He describes so beautifully the process of making a kheer (rice pudding). He starts off by talking about kaccha and pucca foods. Literally, kaccha foods mean food that has been imperfectly cooked and pucca (pukka) means the opposite (for those Jamie Oliver fans out there you’ll notice that he uses this word to express something that he’s cooked that has come out well or tastes great!), but according to Dr Achaya the ritual usage goes beyond this. Both are, of course, fully cooked in the modern sense of cooking. Please join me in reading an excerpt from his book and relish the slow style, the detail and knowledge:
Kaccha foods are basically foods cooked in water, like rice, khichdī and dhãl. These items of food are considered both exclusive and pure, and the rules governing their preparation are designed to ensure this. Boiling with water tends to render any anna or its flour pure, and when this is done within the restricted cooking area and in a ritual cooking pot, the sthãli, a kaccha product results. Once the cooking of a kaccha food starts, usually by setting the rice or dhal to boil, the cook cannot leave the food area till the meal has been prepared, served and eaten following ritual rules. Should he do so, he will have lost his own purity, and another bath, fresh clothes and fresh cooking will be called for. A kaccha food item can be cheap or expensive, plain or festive, of average or superior nutritive quality. Even a marriage feast could consist entirely of kaccha foods like sweet rice, pallão, chana dhãl, urad dhãl and dahi-vadã. Wheat breads like roti and chapati were not in vogue in Vedic times, and therefore escaped ritual classifications; since they do not involve boiling, such items would not therefore strictly qualify as kaccha foods, even though eaten now at every meal. Kaccha food had to be cooked afresh for every meal; left-over or stale food, termed basi or jutha, was likely to have become polluted.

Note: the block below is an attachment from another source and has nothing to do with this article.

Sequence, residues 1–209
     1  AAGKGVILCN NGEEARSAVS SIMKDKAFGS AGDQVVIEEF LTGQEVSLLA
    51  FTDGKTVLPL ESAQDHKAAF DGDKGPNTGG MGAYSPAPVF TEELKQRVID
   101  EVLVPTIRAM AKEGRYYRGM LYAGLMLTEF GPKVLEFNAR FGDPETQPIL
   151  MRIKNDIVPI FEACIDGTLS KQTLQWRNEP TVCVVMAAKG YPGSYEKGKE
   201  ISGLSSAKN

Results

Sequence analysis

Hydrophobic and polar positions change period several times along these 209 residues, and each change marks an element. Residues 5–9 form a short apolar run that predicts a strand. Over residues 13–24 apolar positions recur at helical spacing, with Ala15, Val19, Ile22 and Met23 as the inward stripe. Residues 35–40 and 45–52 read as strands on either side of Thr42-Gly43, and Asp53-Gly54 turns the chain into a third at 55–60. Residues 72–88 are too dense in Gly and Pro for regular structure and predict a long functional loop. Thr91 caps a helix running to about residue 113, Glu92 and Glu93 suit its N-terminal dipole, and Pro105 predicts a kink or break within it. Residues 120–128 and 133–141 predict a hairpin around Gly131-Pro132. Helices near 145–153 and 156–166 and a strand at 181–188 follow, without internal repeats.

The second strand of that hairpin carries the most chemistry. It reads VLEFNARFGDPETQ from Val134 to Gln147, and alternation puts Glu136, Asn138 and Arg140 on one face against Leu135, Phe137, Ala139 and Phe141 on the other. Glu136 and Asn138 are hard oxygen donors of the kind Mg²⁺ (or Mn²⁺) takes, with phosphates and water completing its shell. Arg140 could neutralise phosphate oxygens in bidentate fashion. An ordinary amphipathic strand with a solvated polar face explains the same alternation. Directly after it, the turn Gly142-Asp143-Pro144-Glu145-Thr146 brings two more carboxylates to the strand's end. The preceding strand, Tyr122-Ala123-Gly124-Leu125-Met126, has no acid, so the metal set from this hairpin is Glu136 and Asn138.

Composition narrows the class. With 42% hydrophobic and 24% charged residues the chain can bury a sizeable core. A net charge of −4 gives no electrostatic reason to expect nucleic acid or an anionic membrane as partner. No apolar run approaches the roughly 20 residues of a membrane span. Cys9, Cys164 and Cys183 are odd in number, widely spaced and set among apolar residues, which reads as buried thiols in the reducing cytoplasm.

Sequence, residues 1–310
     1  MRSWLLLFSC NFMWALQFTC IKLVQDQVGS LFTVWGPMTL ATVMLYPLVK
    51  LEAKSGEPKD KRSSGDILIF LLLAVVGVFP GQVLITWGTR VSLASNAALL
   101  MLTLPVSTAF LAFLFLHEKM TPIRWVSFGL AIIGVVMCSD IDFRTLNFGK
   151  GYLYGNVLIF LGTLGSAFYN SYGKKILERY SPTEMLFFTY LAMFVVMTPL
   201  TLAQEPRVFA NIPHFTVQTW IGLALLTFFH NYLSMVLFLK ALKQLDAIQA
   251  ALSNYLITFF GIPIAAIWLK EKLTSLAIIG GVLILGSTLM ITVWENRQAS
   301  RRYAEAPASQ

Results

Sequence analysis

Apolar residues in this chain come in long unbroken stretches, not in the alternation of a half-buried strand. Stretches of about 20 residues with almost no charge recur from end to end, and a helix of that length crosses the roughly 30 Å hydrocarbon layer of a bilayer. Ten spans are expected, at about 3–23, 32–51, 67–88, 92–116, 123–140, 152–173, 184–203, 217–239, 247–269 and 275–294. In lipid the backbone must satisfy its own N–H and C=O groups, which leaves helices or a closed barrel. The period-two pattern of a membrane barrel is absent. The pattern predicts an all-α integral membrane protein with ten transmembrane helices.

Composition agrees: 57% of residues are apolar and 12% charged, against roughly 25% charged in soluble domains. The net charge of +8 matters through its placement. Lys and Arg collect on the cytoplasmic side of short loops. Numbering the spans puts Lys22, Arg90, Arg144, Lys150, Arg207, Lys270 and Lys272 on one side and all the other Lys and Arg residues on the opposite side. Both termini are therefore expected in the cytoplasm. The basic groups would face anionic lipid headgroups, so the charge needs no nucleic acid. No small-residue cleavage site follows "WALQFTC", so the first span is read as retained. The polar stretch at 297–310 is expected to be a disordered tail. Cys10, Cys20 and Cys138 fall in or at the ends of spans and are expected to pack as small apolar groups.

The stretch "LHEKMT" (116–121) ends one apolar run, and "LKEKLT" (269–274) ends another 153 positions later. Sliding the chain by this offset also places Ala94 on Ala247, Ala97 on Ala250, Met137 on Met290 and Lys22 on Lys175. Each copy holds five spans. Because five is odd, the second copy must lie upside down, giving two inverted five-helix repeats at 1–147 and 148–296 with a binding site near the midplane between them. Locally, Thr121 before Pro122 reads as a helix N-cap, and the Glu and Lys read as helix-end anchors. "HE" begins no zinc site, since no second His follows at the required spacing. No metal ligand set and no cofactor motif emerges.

Pucca foods are essentially those cooked with fat, meaning of course ghee. They are destined, primarily, for use outside the domestic food area. A pucca food is one in which the first contact is with ghee. Thus in preparing halwa, the ghee must first be added to the pan and only then should the anna or the phala follow. Sometimes use of the same ingredients in a different sequence will determine the ritual classification. Thus to make kshīrikã (kheer), a pucca food, the rice must first come into contact with ghee, before milk, fire and sugar enter the picture. If this sequence is not followed, and the rice is added say to boiling milk, with ghee and sugar added later, the dish will be called doodhbãth, and is a restrictive kaccha food. Common daily dishes are most affected by such sequences. Pucca foods suffer less restrictions, are less liable to pollution, and can be shared outside the family by those of either lower or higher levels of purity.
Wow! Doesn’t that just blow your mind away? Savour that knowledge!
Dr K.T. Achaya’s book was first published in 1994.
So, just as Larousse and Herrings will always remain the ‘Bibles’ of French Food, I have no doubt that the book on spices and condiments and the history of Indian food will some day gain their rightful place and become the Bhagavad Gita of Indian food and be an essential part of the curriculum in catering schools all over India!!
I promise you I will be around to see that happen. Until then . . . Shubh Chintan, but of course: Anah Daata Sukhi Bhaava!!
The two books mentioned here are : J.S. Pruthi, Spices and Condiments from the series India – The Land and the People, National Book Trust, India, 1976.
 K.T. Achaya, Indian Food – A Historical Companion, Oxford University Press, 1994 (Oxford India Paperbacks, 1998).
Other fascinating books by K.T. Achaya you might want to look at are: The Story of Our Food, Universities Press (India) Limited, 2000 which is here:
and a fascinating, useful resource is his: A Historical Dictionary of Indian Food, Oxford University Press, 1998.